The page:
Political action seems again improbable, but it remains more urgent than ever
The Guardian Editorial
Tuesday 31 August 2010
None of these reports was directly about global warming. The first was a salutary reminder that infectious disease can hitch a plane ride anywhere. The mosquitoes were unlikely to survive a Dutch winter: the surprise was that tropical insects could flourish in a North Sea summer. The second confirms that although plants benefit from the longer growing season and the richer carbon dioxide supply implicit in a greenhouse world, the overall picture may still augur badly for world food supplies. And the third finding was part of a project to give students a taste of field research by measuring climate and glacial variations over time. What links all three is that the evidence is apolitical. Plants, insects and ice streams are mute, disinterested witnesses to a warming world.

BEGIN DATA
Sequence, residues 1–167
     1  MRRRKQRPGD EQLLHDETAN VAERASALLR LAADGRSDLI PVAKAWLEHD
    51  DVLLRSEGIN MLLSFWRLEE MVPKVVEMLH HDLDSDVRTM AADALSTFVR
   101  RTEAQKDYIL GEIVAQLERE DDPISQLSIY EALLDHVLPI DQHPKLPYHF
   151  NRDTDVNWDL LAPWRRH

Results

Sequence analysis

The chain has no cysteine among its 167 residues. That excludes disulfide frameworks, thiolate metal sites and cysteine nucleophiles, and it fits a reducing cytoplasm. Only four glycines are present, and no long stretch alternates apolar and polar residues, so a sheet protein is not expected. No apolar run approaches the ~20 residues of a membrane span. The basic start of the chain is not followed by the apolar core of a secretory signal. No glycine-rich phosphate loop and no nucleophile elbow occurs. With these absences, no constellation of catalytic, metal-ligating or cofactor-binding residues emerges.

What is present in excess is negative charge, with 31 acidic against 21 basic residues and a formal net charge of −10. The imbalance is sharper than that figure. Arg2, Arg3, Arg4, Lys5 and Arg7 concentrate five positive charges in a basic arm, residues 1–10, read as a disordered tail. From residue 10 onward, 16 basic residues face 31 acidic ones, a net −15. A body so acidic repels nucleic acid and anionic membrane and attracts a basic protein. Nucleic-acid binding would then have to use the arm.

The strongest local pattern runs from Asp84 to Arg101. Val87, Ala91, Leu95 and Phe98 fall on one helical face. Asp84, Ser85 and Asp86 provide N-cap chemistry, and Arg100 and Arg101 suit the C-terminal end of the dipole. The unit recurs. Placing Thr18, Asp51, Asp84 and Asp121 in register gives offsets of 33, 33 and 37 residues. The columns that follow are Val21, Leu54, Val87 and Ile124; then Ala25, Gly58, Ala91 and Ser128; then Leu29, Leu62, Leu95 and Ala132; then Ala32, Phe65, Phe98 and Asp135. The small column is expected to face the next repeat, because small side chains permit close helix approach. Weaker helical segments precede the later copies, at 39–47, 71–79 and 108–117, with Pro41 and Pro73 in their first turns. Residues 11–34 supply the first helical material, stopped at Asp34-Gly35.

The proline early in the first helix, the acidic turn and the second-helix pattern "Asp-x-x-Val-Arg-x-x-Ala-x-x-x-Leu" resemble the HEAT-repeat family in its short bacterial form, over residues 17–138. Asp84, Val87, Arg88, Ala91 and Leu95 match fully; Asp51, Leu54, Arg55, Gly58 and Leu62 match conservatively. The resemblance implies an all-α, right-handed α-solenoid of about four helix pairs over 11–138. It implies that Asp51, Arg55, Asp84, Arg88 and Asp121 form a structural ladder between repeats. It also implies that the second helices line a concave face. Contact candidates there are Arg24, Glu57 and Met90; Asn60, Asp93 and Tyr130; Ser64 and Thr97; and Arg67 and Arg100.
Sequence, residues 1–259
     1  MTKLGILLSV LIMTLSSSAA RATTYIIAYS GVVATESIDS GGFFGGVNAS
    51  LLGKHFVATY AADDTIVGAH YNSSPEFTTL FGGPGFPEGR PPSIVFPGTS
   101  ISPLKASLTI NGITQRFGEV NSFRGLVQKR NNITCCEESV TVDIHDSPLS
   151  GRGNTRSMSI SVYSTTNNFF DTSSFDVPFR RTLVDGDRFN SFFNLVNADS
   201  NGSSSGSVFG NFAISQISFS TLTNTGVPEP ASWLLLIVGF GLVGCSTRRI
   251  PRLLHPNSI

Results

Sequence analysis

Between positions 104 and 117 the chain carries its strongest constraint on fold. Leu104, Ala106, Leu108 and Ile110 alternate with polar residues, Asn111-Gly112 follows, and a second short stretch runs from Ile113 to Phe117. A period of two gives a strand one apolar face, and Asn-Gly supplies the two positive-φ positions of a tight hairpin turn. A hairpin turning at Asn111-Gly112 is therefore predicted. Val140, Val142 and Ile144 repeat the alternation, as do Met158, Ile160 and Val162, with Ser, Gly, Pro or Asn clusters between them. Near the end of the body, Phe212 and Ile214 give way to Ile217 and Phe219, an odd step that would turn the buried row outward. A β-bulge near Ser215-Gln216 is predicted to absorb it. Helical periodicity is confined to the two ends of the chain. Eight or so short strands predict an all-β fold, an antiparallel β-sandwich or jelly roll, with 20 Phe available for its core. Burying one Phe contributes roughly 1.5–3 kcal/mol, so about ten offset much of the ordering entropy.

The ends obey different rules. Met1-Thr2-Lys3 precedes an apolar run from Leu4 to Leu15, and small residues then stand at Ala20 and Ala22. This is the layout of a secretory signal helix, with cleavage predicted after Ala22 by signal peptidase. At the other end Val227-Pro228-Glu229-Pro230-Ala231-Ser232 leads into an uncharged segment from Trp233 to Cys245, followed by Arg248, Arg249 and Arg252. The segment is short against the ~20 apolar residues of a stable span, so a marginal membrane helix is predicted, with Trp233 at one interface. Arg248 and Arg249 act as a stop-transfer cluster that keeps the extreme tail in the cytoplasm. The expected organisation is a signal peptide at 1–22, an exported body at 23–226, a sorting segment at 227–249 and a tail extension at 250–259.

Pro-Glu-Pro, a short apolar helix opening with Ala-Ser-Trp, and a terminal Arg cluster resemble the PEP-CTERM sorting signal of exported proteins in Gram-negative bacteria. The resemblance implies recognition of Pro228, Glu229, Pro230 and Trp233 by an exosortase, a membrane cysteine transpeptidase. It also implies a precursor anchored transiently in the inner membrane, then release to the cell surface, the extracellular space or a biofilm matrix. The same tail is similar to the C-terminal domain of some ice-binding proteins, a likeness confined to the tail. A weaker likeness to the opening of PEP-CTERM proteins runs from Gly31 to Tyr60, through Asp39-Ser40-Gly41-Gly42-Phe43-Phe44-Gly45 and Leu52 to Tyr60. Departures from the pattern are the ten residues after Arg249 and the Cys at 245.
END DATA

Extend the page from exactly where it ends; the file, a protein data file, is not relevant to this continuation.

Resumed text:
Does it matter? The answer is, clearly, yes. Worldwide, June was the hottest June since records began; July was the second hottest ever recorded. Pakistan has just experienced both extreme heat and catastrophic floods; Russia has been scorched by heatwave and its forests incinerated. None of these events should be linked directly to global warming: they might well have happened anyway. However, both are consistent with predictions by the IPCC that in a warming world, extreme events may be more frequent, more intense. So the floods in Swat and the Indus valley are, like the yellow fever mosquitoes of the Netherlands, an indication that things could get worse.
Critics of climate research argue the data are incomplete, the climate modelling uncertain, the predictions inconclusive. But as we report today, that notable contrarian Bjørn Lomborg is now arguing that the threat is severe and demands action. Reminders of the reality of climate change are now reported almost every week. Political action – real, determined and concerted action – seems again improbable. But it also remains more urgent than ever.